With every problem comes an opportunity. I can think of no better example that can relate the importance of “Systems Thinking”
When complex processes/systems fail, traditional ways of thinking and managing simply will not correct the problem. You need to be able to identify these types of failures and address them accordingly.
IDENTIFYING COMPLEX SYSTEM FAILURES
I have found in my work that identifying complex system failures can be accomplished by recognizing the following characteristics:
· The longer they are left unattended, the more vast their effects (Education System).
· Costs always surpasses what has been budgeted to correct the situation ($ always an issue).
· As effects emerge, unknown interdependencies rise to the top like a bad penny.
· The more that problems come into focus, the more complex they become.
· Past experience with simple systems and band aide solutions no longer apply.
· Root causes and their effects are impossible to identify, track and control (when left unattended for so long).
These characteristics identify the most troubling realization about complex educational systemic problems: They are inherently uncontrollable. They cannot be understood completely either before or even while they are happening; therefore, prediction and control are impossible. Conventional means of managing and problem solving will not work.
As I have said in many posts, without using “systems thinking” and involving all groups (interdependencies) from beginning to end you will only continue to band aid (tamper) the system.
It took take a systemic concentrated effort by members of the appropriate educational departments actively working together to solve the problems.
Conventional reporting structures and old-style power relations have also contributed to complex system failures. A certain amount of honesty and partnership must take place among process owners when addressing complex system problems.
Old trends, past practices, and inappropriate problem solving methods (i.e. tampering) make it impossible to understand the failures of complex educational processes/systems.
NEW APPROACHES ARE REQUIRED
We have created an environment of complex processes/systems that require new methodologies to unravel existing entangled interdependencies. In order to reverse the trend, complex systems require unity, participation, and honesty to data, information and internal partnerships. These types of system problems require us to dissolve our past practices of hierarchies, boundaries, internal competition, conflicting management objectives and silence out of fear.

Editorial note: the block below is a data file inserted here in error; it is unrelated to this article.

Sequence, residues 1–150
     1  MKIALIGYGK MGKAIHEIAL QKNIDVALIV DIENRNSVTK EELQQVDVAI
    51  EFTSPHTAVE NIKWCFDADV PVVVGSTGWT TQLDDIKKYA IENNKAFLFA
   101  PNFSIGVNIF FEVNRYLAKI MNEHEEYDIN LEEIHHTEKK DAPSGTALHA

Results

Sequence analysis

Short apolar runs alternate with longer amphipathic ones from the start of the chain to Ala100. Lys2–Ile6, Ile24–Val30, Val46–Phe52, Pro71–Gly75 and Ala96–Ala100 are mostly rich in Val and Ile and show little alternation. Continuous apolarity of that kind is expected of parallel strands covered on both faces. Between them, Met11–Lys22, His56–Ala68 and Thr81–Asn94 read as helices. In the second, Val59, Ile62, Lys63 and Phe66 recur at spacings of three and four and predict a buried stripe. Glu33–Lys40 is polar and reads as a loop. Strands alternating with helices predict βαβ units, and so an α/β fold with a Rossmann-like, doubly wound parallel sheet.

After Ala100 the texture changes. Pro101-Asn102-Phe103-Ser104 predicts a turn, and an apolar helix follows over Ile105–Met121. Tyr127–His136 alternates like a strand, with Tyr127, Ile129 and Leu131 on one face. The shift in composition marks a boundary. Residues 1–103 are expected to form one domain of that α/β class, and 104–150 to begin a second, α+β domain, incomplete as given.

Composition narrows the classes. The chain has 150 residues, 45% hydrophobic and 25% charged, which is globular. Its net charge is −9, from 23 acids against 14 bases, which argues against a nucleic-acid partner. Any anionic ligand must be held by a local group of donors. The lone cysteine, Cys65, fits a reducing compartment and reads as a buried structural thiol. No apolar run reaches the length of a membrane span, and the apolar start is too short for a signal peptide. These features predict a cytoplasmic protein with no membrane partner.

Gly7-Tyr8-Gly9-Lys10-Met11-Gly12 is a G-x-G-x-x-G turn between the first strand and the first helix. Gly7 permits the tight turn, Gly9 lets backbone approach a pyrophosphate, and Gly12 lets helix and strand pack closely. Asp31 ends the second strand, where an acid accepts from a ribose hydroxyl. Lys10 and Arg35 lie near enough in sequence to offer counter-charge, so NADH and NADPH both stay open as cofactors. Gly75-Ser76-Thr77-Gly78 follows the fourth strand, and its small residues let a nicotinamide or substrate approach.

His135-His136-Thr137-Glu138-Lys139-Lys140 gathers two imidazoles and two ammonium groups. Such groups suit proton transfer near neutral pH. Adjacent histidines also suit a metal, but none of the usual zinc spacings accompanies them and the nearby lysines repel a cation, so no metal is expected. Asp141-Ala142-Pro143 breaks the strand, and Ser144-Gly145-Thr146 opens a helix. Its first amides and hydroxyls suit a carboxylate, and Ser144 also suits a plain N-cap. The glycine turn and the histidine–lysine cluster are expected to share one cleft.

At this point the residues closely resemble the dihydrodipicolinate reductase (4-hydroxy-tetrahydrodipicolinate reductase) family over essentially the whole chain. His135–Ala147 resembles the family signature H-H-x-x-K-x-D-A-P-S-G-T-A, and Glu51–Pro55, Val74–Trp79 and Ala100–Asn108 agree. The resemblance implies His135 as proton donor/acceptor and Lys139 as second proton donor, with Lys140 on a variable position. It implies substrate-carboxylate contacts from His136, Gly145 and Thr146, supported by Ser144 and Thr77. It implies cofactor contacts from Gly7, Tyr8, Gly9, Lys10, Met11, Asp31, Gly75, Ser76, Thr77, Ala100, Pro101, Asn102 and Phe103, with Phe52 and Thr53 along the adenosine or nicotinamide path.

The failure of any complex educational process/system can’t be adequately addressed through departmental or grade level organizational structures or by a few internal/external consultants injecting their expertise into the system. Only those who work within the system know its inner workings. They are the only ones who know how to work around the systems when they fail.
Thus, implementing solutions to system wide or cross-functional grade processes requires test cases that secure the knowledge and expertise throughout the entire system/process (this may also include experts outside the traditional boundaries of the organization). Complex system problems like provisioning require unmatched levels of participation just to understand what is going on in the process.
It is vital that educational leaders provide the focus for implementing a process that identifies the members required for developing solutions to critical student affecting processes.
Educational and Academic Administrators need to develop a new mindset for addressing complex process/system problems. Margaret Wheately of the Berkana Institute suggests the following:
· Engage the whole system. Only participation can save you.
· Continuously keep asking, “Who else should be involved?”
· Create abundant information and circulate it through existing and new channels (dedicated Web sites or Intranets).
· Develop simple reporting systems that can generate information quickly and broadcast it easily.
· Develop quality relationships as a top priority. Trust is the greatest asset.
· Support collaboration. Competition destroys capacity.
· Demolish boundaries and territories. Push for openness everywhere.
· Focus on creating new, streamlined processes/systems. There is no going back.
I would like to add one more, “Don’t force change, and rather create the conditions for change to take place.” I have often heard, ‘what we need around here are leaders who will drive change.”
Leaders cannot drive change by themselves, just as I can’t stand on my deck next and order my garden to grow three inches every day. However, if I create an environment where the conditions are correct and I take an “active” part in nurturing it, there stands a pretty good chance that growth and change will happen in a predictable time frame.
Why? My garden needs a plan (includes the proper times, with milestones, etc…), it needs a method ( How) by which to cultivate the soil, prevent weeds, assure water and sunlight, fertilize at the appropriate times and keep the vermin (aka - doubters) away.
When facing complex educational process/system problems, administrative leaders need to create the conditions for the appropriate groups to come together that will identify the system interdependencies. Boundaries need to be removed and hierarchies mean nothing. Surrender control and create partnerships of shared responsibility. Abolish internal competition, and support people in developing system wide solutions and contingencies that will ensure student "Dreams" for the present and the future become a reality